Hidden Mathematics

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CSHPM Notes
October 2021 TOC icon
CSHPM Notes
October 2021 (Vol. 53, No. 5)

CSHPM Notes bring scholarly work on the history and philosophy of mathematics to the broader mathematics community. Authors are members of the Canadian Society for History and Philosophy of Mathematics (CSHPM). Comments and suggestions are welcome; they may be directed to either of the column’s co-editors:

Amy Ackerberg-HastingsIndependent Scholar (aackerbe@verizon.net)
Hardy GrantYork University [retired] (hardygrant@yahoo.com)

Where does the historian of mathematics turn for sources? There is the published record, where authors typically present a definitive view of their research at that stage of their intellectual journey. Such public documents allow for tracing both individual and social developments of mathematics. But we see only what the authors wish to show the public.

Behind the published works may be an archive or Nachlass. Here the historian can find drafts, diaries, notebooks, scribbled calculations, correspondence: the unpublished artefacts that may enable a finer, more detailed understanding of the author’s intellectual journey, the false starts, the explorations before the public unveiling of the final product. But then there is the question of curation. We see what was chosen to be retained by the principals or their executors.

What does the historian seek? If mathematics is viewed as part of intellectual history, then the historian seeks novelty. What new ideas, theorems, definitions did the subject produce? What is new must then be explained both internally and in terms of its context and significance. Those who did not contribute significantly to the development of mathematics in this narrative become marginalized.

Significance depends on what the historian seeks. If we aim to understand the place of mathematics in a culture, perhaps we should study mathematics education. Who learned mathematics, what did they learn, how did they learn it, where did they learn it, and who was left out? In this case, much of the published record is in the form of textbooks, although these must be evaluated judiciously. Not every student studies, let alone retains, all the material in a text. Much of the history of mathematics education focuses on institutions, since it is the schools, universities, and academies that record and preserve their records. Studies of an individual’s education are more difficult to accomplish and rely on the random survival of the kinds of ephemera most people (or their executors) discard. At a deeper level is the question of what the mathematics they learned actually meant to people — how did they perceive and respond to it?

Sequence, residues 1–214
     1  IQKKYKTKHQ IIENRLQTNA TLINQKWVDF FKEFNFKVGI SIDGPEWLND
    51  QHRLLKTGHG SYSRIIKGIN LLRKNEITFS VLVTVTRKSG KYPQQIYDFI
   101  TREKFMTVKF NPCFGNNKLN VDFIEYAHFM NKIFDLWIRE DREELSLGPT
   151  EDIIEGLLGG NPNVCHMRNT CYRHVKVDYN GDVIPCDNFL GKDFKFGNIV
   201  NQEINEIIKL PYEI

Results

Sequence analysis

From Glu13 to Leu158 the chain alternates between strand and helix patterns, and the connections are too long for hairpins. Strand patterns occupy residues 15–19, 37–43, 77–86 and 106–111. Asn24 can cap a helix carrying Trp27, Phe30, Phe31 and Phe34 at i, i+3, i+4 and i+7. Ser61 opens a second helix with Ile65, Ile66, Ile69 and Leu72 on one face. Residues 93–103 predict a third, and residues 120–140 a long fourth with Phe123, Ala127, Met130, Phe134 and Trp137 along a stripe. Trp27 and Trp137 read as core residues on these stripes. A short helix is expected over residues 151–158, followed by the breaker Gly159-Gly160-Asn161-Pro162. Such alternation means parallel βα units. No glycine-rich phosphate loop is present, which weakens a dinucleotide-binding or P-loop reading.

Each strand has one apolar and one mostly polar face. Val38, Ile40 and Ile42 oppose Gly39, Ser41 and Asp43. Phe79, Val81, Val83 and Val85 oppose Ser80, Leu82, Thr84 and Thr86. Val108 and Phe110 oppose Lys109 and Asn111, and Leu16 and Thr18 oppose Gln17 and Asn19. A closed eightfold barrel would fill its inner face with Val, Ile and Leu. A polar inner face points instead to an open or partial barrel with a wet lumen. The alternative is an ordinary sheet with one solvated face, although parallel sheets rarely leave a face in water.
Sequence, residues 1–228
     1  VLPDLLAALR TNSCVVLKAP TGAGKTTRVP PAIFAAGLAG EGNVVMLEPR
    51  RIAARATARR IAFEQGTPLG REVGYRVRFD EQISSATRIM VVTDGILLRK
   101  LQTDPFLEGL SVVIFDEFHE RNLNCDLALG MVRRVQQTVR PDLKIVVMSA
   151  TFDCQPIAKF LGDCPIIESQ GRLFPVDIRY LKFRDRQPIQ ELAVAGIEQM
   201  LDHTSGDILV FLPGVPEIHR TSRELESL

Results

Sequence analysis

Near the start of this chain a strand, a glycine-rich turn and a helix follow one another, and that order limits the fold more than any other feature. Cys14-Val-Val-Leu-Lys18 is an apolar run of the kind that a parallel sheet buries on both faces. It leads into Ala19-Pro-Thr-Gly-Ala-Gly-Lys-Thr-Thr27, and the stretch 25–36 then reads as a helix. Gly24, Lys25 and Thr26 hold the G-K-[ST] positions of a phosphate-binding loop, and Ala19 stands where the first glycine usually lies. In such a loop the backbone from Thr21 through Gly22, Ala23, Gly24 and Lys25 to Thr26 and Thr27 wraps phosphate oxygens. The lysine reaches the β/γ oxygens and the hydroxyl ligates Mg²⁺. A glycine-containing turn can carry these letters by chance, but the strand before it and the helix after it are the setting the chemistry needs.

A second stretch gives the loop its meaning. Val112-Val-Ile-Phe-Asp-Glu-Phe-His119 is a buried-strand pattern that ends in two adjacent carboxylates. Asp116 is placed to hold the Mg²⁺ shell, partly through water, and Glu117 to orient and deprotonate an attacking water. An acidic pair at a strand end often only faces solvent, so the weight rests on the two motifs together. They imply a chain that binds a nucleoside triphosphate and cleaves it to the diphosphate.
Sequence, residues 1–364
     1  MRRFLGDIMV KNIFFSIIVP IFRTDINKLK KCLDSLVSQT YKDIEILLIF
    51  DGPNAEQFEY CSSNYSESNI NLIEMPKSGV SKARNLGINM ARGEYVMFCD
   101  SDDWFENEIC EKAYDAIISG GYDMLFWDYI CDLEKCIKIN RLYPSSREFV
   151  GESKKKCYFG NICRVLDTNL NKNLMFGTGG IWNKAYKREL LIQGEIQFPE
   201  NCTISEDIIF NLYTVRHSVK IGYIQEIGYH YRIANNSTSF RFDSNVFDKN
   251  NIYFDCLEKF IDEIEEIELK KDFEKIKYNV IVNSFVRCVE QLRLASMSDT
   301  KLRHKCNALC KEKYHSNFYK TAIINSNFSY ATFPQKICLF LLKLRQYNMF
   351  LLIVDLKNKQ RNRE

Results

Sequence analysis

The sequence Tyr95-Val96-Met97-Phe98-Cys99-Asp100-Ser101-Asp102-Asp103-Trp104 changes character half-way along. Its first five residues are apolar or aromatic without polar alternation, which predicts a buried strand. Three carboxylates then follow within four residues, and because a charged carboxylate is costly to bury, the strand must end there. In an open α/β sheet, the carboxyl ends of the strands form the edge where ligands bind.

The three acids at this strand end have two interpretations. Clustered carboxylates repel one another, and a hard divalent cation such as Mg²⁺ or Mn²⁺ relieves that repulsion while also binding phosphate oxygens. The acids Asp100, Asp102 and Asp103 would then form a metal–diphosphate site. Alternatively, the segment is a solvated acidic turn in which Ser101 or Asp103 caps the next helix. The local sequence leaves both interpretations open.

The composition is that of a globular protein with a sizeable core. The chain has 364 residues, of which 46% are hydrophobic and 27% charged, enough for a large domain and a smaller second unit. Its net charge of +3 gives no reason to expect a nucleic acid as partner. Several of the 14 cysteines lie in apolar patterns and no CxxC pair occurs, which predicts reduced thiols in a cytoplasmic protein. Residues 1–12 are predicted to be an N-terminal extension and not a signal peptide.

These pathways to history assume the historian has a research agenda. Armed with questions, the historian turns to particular kinds of resources to find answers, or at least a fuller understanding and maybe better questions. Often, however, archives contain hidden gems and sometimes they throw up something completely unexpected, surprise source material that provokes its own questions.

I have had this experience myself. Rummaging around in the catalogue of the National Archives at Kew one day, I stumbled across an entry for a “treatise on mathematics” from the early 19th century by a female author I had never heard of. I yield to no one in my ignorance, but further research revealed that she was completely unknown to the history of mathematics. No questions we had asked and no answers we had sought had ever unearthed her. Such finds are archival gold. I was intrigued. Who was this woman? Why did she care about mathematics? What had she done? How had it lain undiscovered for two hundred years?

Figure 1. Rachael Frances Antonina Lee, sculpted by John Bacon the Younger, c. 1820. The Metropolitan Museum of Art.